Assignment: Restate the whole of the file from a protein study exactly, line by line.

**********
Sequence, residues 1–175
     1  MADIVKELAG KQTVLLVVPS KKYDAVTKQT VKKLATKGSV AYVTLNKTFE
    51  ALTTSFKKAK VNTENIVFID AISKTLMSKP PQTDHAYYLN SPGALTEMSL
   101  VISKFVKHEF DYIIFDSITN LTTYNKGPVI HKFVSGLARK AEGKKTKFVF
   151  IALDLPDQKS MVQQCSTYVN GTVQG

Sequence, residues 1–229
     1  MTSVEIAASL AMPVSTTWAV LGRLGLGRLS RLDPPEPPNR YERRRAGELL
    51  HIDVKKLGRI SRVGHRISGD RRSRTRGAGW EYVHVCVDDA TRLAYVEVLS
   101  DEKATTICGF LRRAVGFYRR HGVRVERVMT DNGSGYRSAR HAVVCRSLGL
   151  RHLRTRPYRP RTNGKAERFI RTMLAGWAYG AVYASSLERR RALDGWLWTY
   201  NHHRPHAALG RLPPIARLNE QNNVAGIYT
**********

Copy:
Sequence, residues 1–175
     1  MADIVKELAG KQTVLLVVPS KKYDAVTKQT VKKLATKGSV AYVTLNKTFE
    51  ALTTSFKKAK VNTENIVFID AISKTLMSKP PQTDHAYYLN SPGALTEMSL
   101  VISKFVKHEF DYIIFDSITN LTTYNKGPVI HKFVSGLARK AEGKKTKFVF
   151  IALDLPDQKS MVQQCSTYVN GTVQG

Sequence, residues 1–229
     1  MTSVEIAASL AMPVSTTWAV LGRLGLGRLS RLDPPEPPNR YERRRAGELL
    51  HIDVKKLGRI SRVGHRISGD RRSRTRGAGW EYVHVCVDDA TRLAYVEVLS
   101  DEKATTICGF LRRAVGFYRR HGVRVERVMT DNGSGYRSAR HAVVCRSLGL
   151  RHLRTRPYRP RTNGKAERFI RTMLAGWAYG AVYASSLERR RALDGWLWTY
   201  NHHRPHAALG RLPPIARLNE QNNVAGIYT